“I am the president, but I am also a dad,” the president said in a statement. “I will accept the outcome of this case and will continue to respect the judicial process as Hunter considers an appeal. Jill and I will always be there for Hunter and the rest of our family with our love and support. Nothing will ever change that.”

Jurors reached their verdict after just three hours and five minutes of deliberations.

Hunter Biden had been optimistic at the end of the day on Monday, when the jury began deliberating. His team believed that the composition of the panel, which included several people with a family history of drug problems, would be sympathetic.

But in the end, the government’s case was straightforward and the verdict preordained in the view of prosecutors, who presented dozens of text messages, in addition to summoning three women, including Beau Biden’s widow, Hallie Biden, who offered vivid testimony about his simultaneous, conflicting efforts to get clean and get more crack.

Lowell countered with a 90-minute closing argument on Monday that attacked the credibility of the government’s main witnesses, seeking to show that Biden had not been using drugs at the exact moment he applied for a gun. He accused prosecutors of peddling “suspicion” and “conjecture,” and suggested that the trial had less to do with justice than punishing a remorseful and sober man for the crime of drug addiction.

On Tuesday, Biden was convicted of three felonies: lying to a federally licensed gun dealer, making a false claim on the federal firearms application used to screen applicants and possessing an illegally obtained gun for 11 days, from Oct. 12 to Oct. 23, 2018.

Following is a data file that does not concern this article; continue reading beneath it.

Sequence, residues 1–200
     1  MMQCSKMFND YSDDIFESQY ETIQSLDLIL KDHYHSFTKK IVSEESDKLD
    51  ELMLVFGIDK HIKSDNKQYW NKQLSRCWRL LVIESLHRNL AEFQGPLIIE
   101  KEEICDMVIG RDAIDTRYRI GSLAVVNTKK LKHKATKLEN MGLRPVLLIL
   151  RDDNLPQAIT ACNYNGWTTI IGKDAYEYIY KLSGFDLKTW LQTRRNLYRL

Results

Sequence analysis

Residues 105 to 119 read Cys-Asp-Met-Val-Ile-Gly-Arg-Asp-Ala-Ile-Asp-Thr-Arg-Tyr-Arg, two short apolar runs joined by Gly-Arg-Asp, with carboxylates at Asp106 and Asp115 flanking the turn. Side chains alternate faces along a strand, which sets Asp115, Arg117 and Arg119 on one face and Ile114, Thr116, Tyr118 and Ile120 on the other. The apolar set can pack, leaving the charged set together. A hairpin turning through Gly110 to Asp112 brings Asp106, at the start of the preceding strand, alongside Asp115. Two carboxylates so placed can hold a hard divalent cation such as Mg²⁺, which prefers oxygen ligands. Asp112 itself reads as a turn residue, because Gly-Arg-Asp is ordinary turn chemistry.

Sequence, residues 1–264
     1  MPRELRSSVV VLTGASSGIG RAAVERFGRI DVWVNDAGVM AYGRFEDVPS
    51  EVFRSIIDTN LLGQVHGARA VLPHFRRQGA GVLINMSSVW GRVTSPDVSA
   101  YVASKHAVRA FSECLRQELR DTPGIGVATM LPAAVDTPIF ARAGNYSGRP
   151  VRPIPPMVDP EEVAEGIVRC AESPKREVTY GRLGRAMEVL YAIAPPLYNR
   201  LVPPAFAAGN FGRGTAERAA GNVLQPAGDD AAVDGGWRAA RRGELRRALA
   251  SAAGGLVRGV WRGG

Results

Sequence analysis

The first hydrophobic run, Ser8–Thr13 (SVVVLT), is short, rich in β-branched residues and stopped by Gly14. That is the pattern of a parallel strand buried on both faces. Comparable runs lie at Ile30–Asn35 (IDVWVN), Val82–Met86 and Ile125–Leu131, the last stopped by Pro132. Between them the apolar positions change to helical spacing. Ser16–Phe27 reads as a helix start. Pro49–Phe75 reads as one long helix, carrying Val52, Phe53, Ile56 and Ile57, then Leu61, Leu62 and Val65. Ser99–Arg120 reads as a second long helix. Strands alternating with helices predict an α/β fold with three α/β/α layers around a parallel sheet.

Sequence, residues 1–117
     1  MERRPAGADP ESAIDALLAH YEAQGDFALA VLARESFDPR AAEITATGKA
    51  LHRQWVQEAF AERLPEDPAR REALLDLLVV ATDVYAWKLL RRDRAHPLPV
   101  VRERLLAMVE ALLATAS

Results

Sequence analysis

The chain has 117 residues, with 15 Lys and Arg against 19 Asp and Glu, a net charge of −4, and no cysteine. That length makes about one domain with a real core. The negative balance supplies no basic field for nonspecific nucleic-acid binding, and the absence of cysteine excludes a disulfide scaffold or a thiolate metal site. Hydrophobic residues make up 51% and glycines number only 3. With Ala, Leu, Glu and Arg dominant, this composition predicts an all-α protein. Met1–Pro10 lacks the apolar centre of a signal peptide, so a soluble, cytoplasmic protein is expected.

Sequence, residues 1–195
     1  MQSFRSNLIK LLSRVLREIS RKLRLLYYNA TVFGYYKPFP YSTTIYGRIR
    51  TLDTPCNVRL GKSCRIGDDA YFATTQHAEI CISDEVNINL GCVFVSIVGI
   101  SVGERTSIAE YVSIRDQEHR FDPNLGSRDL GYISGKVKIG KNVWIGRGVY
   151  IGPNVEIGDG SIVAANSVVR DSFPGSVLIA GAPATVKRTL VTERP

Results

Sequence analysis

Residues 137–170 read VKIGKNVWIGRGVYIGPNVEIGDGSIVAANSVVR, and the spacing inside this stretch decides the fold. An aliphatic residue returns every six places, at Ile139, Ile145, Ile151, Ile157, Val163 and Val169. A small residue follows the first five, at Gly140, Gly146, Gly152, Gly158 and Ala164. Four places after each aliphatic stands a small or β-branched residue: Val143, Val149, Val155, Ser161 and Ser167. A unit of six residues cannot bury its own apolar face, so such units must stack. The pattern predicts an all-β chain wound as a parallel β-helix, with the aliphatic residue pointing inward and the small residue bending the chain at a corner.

Prosecutions for lying to a dealer are relatively rare, averaging fewer than 300 per year. Some 25 million to 30 million background checks were performed annually around the time of Biden’s gun purchase, according to statistics obtained by The Washington Post.

When officials with the Bureau of Alcohol, Tobacco, Firearms and Explosives reviewed Biden’s gun application several years ago, they believed the case most likely would have been dropped if the target had been a lesser-known person, according to a former law enforcement official familiar with the situation. They pointed to two factors: The gun had not been used in a crime, and Biden had taken steps to get and stay sober.

Maryellen Noreika, the judge in the case, said she would sentence Biden within four months. She will have to weigh a number of unusual factors specific to his case.

According to guidelines by the United States Sentencing Commission, which sets recommended sentencing parameters, someone in Biden’s position would typically face 15 to 21 months’ imprisonment for offenses related to the unlawful receipt, possession or transportation of firearms.

From 2019 to 2023, only 48 defendants were sentenced in a similar category as Biden, and 92% were sentenced to serve prison time with a median prison term of 15 months, according to the commission’s data.

Around 8% of people in that category received probation or a fine.

But judges frequently depart from the suggested guidelines when handing down a sentence and may reduce the time spent in prison in light of the particular circumstances unique to each case, according to legal experts.